5 Using decentralised cooperation to achieve the goals of the 2030 Agenda for Sustainable Development

The COVID-19 crisis and the illegal Russian invasion of Ukraine continue to have a negative impact on all sectors and all populations. These crises have shown that global partnerships, particularly decentralised cooperation initiatives, are needed more than ever as they tackle global challenges in a way that is inclusive and just, as well as presenting long-term sustainable solutions.

International city-to-city and region-to-region partnerships can be found at the core of the work managing the international dimension of the SDGs. This can take on many forms but, in the case of 39% of the LRGAs that responded, it has largely been carried out through participation in European/international networks and fora (international events, campaigns, etc.). For 24% of our respondents, the development of international/city-to-city or region-to-region partnerships was deemed most relevant; whereas for 18%, strengthening the lobbying aimed at European/international organisations was their priority in this area. Yet, for another 12%, their work focused more on policy coherence (by relying on existing European and/or international strategies such as the new European Declaration on Global Education to 2050 and the UNESCO framework for raising awareness and educating on global citizenship).

LRGAs have also been working on international partnerships using the SDG framework. This collaboration, which very significantly often takes on the form of decentralised cooperation, has led to significant results. It strengthened the work with European and international networks for 29% of respondents; it helped to revitalise existing international partnerships and develop new international partnerships for 17% of associations responding; it enabled collaboration with external stakeholders (civil society organisations, universities, think tanks, etc.) for another 17%; and for 10%, it strengthened their collaboration with the national government.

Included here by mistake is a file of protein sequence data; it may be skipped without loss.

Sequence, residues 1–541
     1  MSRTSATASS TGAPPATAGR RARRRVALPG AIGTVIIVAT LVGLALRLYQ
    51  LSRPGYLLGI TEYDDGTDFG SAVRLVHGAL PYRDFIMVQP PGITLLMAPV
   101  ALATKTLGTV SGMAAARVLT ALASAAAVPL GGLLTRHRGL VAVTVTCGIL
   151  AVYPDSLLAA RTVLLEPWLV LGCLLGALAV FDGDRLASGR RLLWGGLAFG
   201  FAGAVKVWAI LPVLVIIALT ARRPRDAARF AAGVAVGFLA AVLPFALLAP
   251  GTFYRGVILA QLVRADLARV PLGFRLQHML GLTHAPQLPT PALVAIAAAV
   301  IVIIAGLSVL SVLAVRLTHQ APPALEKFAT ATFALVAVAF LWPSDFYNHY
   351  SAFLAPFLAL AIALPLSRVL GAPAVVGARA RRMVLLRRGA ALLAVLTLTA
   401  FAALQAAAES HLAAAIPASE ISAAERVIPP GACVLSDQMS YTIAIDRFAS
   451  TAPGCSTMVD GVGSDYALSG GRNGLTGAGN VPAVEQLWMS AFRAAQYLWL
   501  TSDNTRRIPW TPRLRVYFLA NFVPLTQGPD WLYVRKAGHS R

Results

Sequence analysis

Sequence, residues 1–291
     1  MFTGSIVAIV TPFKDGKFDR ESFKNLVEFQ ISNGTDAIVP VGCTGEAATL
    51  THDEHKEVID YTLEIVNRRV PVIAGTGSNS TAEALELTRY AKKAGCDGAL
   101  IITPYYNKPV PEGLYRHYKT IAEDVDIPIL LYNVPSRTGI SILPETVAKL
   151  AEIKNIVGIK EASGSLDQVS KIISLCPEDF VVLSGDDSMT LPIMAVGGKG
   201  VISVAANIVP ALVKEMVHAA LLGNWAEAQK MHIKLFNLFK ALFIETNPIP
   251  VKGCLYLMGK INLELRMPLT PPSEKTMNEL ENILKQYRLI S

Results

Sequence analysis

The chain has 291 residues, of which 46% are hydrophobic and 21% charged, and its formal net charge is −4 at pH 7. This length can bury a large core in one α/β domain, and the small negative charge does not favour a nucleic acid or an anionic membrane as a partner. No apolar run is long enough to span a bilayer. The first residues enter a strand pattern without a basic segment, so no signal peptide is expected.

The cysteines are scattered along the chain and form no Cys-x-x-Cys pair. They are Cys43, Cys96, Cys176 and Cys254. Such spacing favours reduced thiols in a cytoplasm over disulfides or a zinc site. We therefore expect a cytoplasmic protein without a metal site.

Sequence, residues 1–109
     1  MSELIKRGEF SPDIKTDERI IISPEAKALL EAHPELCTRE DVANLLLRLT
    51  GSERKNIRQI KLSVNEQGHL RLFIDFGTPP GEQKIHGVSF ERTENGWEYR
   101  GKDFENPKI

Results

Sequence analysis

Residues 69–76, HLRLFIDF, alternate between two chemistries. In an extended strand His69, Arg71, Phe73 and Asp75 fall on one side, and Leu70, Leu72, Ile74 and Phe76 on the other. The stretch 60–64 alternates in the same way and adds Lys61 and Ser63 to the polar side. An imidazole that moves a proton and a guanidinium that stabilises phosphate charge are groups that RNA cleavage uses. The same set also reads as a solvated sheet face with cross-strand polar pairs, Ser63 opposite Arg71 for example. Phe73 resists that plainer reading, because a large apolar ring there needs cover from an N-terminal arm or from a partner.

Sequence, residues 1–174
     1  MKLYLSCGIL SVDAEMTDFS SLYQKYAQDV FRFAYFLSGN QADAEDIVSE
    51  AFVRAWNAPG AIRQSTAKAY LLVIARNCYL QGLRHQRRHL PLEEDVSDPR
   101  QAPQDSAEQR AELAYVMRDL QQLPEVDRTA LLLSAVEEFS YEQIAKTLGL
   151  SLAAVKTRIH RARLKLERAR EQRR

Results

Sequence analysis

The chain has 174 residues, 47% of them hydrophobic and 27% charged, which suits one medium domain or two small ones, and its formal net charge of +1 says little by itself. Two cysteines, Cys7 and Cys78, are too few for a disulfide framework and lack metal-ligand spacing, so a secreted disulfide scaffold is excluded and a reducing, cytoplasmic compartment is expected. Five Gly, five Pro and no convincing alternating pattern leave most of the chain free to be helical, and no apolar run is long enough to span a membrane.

To broaden the real impact on the ground of these international collaborative partnerships, LRGAs throughout all of Europe have also engaged with non-EU partners as part of their efforts to localise the SDGs. Study visits and storytelling conferences were deemed to be the most beneficial instrument for 22% of the respondents. An additional 22% found it very beneficial to provide training/capacity building activities as they fostered mutual learning and established shared ground. This also held true when devising local SDG strategies together based on shared objectives and interlinked SDGs, which was favoured by 18% of the respondents. For 9%, collaborative activities took on the form of mutual support during the preparation process of VSRs.

The following chart shows the main focus of our respondents’ SDG work involving international partners as well as their partner’s knowledge of SDGs:

Data from 2022:

Our associations also assessed non-EU partners’ knowledge of the SDGs as follows:

●      We do not know: 25%

●      SDGs are used as a reference, but they do not place high in their work priorities: 20%

●      They align their work priorities with the Sustainable Development Goals: 16%

●      They are aware of the SDGs’ existence, but are unfamiliar with the specifics: 9%

●      They are willing to work with the Association using the SDG framework: 9%

●      They are unfamiliar with the Sustainable Development Goals: 2%


In 2022, we received the following feedback to the same question, with a considerable 41% unsure of the level of SDG knowledge of their partners. This figure was reduced to 25% in 2023 (see numbers from 2023 in the chart below). As can be seen, there has been significant progress in this area to the benefit of international partners.